Posted by: minnow | July 21, 2008

Watching THE SECRET LIFE with My Daughter

Last week my 13 year old and I watched the second episode of The Secret Life of the American Teenager. WOW! I have been out of the system for three years (I used to sub at the high school level) and I was in shock. My first internal reaction was: “No. Absolutely not. You will not watch another segment of this obviously sex promoting TV show.” My next reaction was: “Well, maybe it will open the door for some very important dialogue–like why I am locking you in your room until you’re 30.” (That was a joke, well sort of a joke, in case you couldn’t tell).

By the end of the show I could remember only one character’s name but pretty much figured out who had kissed whom. The big question in my mind (because I missed episode 1 I guess) was: Who is the father of the baby of the main character? That is, if there was a main character, maybe I should label her the pregnant character. The show has about eight main characters. (Please tell me I will survive this). I also knew my daughter and I would be watching The Secret Life of the American Teenager until she gets bored with it and I am faced with something scarier.

The jury is still out on how the show depicts Christians. I am a little concerned already by how it depicts teens. Granted, the title implies that we will see the life most adults do not see. But, do all teens really talk about sex, and who is having sex, and ways to get around their parents, and more sex. I sure didn’t when I was a teen and I grew up in the 60’s and 70’s. Yes, I know that was the sexual revolution in name only. We just got the ball rolling. And now the ball feels like an avalanche. Still…

I am blessed with bright, responsible, active children. Over the weekend I dropped my 20 year old off at a bowling alley so he could be the designated driver for one of his friends. (The friend’s mom called my son). I’m nearly in tears realizing how blessed I truly am. At the same time I am not about to make the mistake of thinking I have it made. Our next oldest just turned 18 and three others are under 18. 2 haven’t even gotten to high school yet. We have a long way to go in navigating the teenage highway. And, believe me the road seems to be getting bumpier. What as parents are we doing?

Some of my more conservative Christian friends will undoubtedly raise an eyebrow or two when/if they find out my daughter and I are watching The Secret Life. I may even have to field the why question. So to save time–I decided I should watch this program with my daughter because the cost of not seems greater to me than the cost of watching. My Daughter has been anticipating this show. She was highly aware of its creation. She goes to public school and I have no doubt other students will be talking about it come fall. Being left out is no fun. For some not knowing about the latest shows on TV can even invite bulling. If I manage to keep my snide mom comments to myself I just might gain some insight into how my daughter thinks and what she values. And, as much as I am blessed by the fact that she has great older girl role models in her life I do not want to be left out of the loop. So far, she likes to talk to me. I want to keep it that way.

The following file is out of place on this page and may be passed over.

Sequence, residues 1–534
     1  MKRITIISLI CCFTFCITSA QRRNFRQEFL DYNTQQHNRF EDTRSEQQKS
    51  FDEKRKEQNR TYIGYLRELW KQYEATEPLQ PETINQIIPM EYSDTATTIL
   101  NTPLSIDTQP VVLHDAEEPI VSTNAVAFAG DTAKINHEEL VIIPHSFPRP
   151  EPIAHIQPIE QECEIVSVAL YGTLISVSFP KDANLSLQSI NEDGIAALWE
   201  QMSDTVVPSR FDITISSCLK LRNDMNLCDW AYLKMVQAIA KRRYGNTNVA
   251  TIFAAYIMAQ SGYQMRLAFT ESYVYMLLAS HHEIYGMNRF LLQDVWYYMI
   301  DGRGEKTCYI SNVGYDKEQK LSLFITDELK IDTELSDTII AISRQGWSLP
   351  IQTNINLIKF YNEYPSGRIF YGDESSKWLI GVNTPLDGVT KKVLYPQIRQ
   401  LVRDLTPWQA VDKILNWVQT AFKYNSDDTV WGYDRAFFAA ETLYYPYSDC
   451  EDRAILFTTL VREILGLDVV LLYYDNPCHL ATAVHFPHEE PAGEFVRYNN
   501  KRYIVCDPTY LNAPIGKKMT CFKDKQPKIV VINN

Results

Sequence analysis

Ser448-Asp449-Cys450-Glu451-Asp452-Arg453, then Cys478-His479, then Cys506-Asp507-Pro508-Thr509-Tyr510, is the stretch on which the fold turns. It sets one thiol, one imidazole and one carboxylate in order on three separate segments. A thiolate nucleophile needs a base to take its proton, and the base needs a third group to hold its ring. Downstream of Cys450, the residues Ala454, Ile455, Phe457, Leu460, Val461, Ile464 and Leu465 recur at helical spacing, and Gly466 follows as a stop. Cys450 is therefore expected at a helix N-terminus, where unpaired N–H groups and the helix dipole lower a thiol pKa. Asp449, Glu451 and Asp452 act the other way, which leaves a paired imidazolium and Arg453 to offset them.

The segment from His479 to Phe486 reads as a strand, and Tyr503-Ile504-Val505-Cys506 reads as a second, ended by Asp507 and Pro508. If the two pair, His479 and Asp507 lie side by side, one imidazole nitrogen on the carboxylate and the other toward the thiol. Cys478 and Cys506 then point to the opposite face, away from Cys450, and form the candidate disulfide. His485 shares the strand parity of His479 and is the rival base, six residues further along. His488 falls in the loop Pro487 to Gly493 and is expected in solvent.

One of my greatest frustrations I have with the Christian community is the attitude that we are some how “above” the rest. Our children are smarter, more talented, more moral. We know Jesus so we are better. Well, guess what folks–it just ain’t so! When we blind our eyes to the truth of what our children must navigate we in effect cut them off from their most important life lines–us!

Every parent must obviously judge for himself on where to draw the line. But as we are making those decisions we need to ask ourselves a few important questions. What does it mean to be in the world but not of the world? Why are we drawing the lines we draw? Is it for our own convenience and comfort or their safety? Are we setting arbitrary lines or have we taken their track record into consideration? Are we giving them opportunities as they get closer and closer to adulthood to show their maturity, demonstrate their ability to problem solve, and practice independent thinking? Do we know their friends and the position they hold among their friends? Or do we assume because their friends are “Christians” their friends are safe?

The friend my son was going to meet this week-end is a kid from Church. I like him. He’s always polite and talkative whenever I see him. I would not even suspect he had a “drinking problem” if I hadn’t heard as much from my son. As an outsider I haven’t been allowed to see in. I guess that’s my point–watching The Secret Life of the American Teenager with my daughter may just be a window to see in–not just into her life but into the lives of her friends and her older brother and his friends. For me that is worth feeling a little uncomfortable, answering a few questions I am not certain need to be answered until she’s 30 (joke), and wresting with my own blind spots and prejudices.

What prejudices you ask. Well, one of the issues that was foreshadowed in the last episode is the idea that some parents might not allow their daughters to continue to be friends with the pregnant girl. How would I handle that one? How would you?

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